From OJ to the Queen: Why Degens Rush to Create Meme Coins When Celebrities Die

On Thursday morning, OJ Simpson’s family announced that the controversial former football star had died after a years-long battle with cancer. 

It was only a matter of minutes, then, before the inevitable: a flurry of themed, highly speculative meme coins capitalizing on the former NFL star and actor’s passing. 

Coins named “OJ Simpson,” “RIP OJ Simpson,” “Gently used leather gloves,” and even, yes, “Expired OJ,” shot off within minutes of the news breaking. The OJ-themed tokens quickly acquired millions of dollars worth of trading volume, with some skyrocketing in price—and most, of course, collapsing spectacularly within hours of launch. 

It’s by no means the first time crypto’s witnessed this morbid cycle unfold, and certainly won’t be the last. But why exactly is it that degens rush to create meme coins when a celebrity dies?

To state the obvious first: trending topics offer traders an enticing opportunity to ride a wave of public attention and generate buzz for a token without, really, doing anything at all.

The death of a prominent person like Simpson, Queen Elizabeth II, Charlie Munger, or Henry Kissinger, creates such circumstances. But so does a viral moment like, say, Elon Musk telling Twitter advertisers to “Go fuck yourself.”  

Crucially lubricating such opportunities, however, is the reality that it’s never been easier—or cheaper—to launch tokens on certain blockchain networks.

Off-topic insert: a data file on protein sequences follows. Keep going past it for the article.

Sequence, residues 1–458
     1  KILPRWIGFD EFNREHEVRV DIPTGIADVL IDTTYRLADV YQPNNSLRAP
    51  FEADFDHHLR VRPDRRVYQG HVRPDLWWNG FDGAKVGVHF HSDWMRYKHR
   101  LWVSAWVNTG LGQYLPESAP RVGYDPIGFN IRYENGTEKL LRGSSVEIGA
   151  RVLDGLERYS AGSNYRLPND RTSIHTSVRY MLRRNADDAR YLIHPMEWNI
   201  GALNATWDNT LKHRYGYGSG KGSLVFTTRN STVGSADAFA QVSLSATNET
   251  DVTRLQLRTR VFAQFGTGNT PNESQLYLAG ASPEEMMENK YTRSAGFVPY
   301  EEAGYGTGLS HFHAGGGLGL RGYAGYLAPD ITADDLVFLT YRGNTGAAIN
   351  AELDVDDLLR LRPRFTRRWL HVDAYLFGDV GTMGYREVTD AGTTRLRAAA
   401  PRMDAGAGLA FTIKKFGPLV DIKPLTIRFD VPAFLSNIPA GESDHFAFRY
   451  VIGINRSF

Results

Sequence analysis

It’s no coincidence that the top OJ Simpson meme coins created this morning were all launched on either Solana or Ethereum layer-2 network Base. On both networks, the cost to whip up a new token is now almost negligible. 

Making things even easier are services like Solana-based Pump, which help users with zero technical expertise deploy meme coins for transaction fees equivalent to less than $4. 

It makes perfect sense, then, why both Solana and Base have been flooded with more meme coins than they can handle in recent months. After a handful of tokens including BONK and Dogwifhat exploded into multi-billion dollar success stories in December, the race was on for the next big meme cash cow. (Or cat.) 

Some Solana users are deploying several hundred new tokens a day, in the hopes of catching something big; Base recently saw so much meme coin-related traffic that the Coinbase app, which also relies on the network, crashed

News-pegged meme coins have always been something of a trend in crypto. But back when Ethereum was the dominant chain for generating tokens, crypto users had to be relatively technically savvy to launch new coins, and needed to spend a fair amount on transaction fees to deploy them. At the time, it probably wasn’t worth it to spew whatever idea crossed a crypto user’s mind into the world as an everlasting token. 

Thanks to technological innovation, such barriers have now been eradicated. Now we have dozens of soon-to-be-worthless dead OJ tokens to sift through, which will live on-chain until the end of time.

Edited by Andrew Hayward

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